Nine (16.7%) patients with COVID-19 were admitted to the ICU, three (5.6%) of them died because of the infection. Regarding the control group, one (3.8%) patient died, and two (7.7%) were admitted to the ICU. Eight (14.8%) patients from the SARS-CoV-2 group and five (19.2%) of the non-COVID-19 patients suffered from acute kidney injury during their stay. In total, ten (18.5%) COVID-19-patients and seven (26.9%) non-COVID-19 patients suffered from at least one of the events considered in the composite endpoint. The median interval time between presentation to the emergency department and the occasion of acute kidney injury was 4 days in the COVID-19 cohort and 3 days in the control cohort. The two patients in the control group and the five patients in the COVID-19 cohort were transferred to the ICU on the day of hospital admission. The other three COVID-19 patients were admitted to the ICU between the third and the fifth day after hospitalization. The median time between hospital admission and death was 13 days in the COVID-19 cohort. The control patient died only a few hours after admission. For further information see also Table 2.

Table 2 Median interval time (days) between presentation to the ED and occurrence of AKI/admission to ICU/death

KIM-1 and NAG, as well as serum creatinine, eGFR, proteinuria and albuminuria were not significantly different between patients with SARS-CoV-2 and those with other respiratory infections (each p = n.s.). Interleukin-6 (IL-6) as well as white blood cell count were significantly higher in the control cohort than in the COVID-19 cohort (each p < 0.05). There were no differences between the two cohorts regarding CRP and NT-proBNP (each p = n.s.).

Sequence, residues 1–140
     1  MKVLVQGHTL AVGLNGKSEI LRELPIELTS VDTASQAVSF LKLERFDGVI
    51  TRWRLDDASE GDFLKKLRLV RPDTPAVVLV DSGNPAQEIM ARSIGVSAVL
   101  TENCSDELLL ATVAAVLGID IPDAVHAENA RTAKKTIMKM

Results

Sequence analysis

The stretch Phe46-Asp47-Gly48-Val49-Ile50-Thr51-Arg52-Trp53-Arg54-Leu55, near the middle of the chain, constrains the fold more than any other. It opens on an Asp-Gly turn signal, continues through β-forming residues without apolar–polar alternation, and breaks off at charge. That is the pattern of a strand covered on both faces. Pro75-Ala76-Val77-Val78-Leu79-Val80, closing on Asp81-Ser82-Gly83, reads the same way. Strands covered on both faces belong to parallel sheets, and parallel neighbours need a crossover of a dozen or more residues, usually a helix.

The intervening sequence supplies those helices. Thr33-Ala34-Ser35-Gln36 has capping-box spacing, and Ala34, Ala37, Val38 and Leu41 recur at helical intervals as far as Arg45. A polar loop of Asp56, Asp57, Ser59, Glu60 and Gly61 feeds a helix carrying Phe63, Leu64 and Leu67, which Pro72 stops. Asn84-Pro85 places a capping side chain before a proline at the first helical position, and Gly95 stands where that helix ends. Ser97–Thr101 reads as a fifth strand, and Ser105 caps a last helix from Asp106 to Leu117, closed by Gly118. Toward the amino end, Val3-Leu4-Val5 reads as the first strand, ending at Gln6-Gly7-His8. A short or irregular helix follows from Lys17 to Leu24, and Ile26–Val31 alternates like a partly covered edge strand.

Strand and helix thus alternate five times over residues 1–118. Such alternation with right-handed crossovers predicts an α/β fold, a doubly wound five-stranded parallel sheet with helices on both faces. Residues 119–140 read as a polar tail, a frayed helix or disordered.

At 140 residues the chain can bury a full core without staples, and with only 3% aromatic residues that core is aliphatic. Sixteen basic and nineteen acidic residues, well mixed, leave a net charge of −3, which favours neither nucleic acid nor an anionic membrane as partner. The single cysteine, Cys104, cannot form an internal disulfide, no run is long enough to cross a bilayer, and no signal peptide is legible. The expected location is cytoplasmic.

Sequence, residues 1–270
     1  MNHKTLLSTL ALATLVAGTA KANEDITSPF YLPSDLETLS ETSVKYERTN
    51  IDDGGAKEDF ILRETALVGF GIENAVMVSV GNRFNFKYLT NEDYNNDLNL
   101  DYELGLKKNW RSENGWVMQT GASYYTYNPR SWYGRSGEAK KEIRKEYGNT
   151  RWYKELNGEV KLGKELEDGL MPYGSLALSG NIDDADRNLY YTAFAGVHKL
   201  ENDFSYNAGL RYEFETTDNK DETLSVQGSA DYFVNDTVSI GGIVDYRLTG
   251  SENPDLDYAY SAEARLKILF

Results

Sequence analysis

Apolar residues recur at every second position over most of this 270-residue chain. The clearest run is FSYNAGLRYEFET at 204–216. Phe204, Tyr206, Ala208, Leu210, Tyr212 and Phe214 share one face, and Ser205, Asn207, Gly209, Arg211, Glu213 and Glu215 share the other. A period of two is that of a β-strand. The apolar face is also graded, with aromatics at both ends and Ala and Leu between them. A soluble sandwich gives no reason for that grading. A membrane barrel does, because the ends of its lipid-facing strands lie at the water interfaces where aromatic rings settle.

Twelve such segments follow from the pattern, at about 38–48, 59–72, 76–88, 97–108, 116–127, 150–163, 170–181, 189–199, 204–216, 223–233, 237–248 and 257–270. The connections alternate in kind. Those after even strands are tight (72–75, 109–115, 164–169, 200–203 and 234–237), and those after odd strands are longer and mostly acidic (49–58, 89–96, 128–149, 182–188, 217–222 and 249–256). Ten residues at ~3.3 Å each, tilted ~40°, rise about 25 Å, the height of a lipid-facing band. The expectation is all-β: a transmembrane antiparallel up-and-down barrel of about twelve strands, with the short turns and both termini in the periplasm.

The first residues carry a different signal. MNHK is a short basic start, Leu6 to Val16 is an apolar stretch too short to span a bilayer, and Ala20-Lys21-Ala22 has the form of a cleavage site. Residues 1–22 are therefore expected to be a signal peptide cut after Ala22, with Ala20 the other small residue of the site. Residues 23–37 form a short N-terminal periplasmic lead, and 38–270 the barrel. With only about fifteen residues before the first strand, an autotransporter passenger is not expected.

KIM-1 was significantly correlated with NAG in the COVID-19 cohort (ρ = 0.63, p < 0.001) as well as in the control cohort (ρ = 0.66, p < 0.001). Both KIM-1 and NAG were significantly negatively correlated with eGFR in the COVID-19 cohort (KIM-1: ρ = -0.43,s NAG: ρ = -0.34, each p < 0.05), as opposed to serum creatinine (each p = n.s.). In the control cohort, only NAG was significantly negatively correlated with eGFR (ρ = -0.45, p < 0.05), in contrast to KIM-1 (p = n.s.). Neither KIM-1 nor NAG correlated with serum creatinine in the control group (each p = n.s.). KIM-1 and NAG were significantly correlated with level of proteinuria in the COVID-19 cohort (KIM-1: ρ = 0.54, NAG: ρ = 0.68, each p < 0.001) and in the control cohort (KIM-1: ρ = 0.61, p < 0.001, NAG: ρ = 0.59, p < 0.05).

Acute kidney injury

Regarding patients with COVID-19, KIM-1 levels were significantly higher in patients with, compared to those without AKI (p = 0.005, Fig. 2A). NAG showed a not statistically significant trend to be elevated in COVID-19 patients suffering from acute kidney injury (p = 0.086; Fig. 2B).

Fig. 2
figure2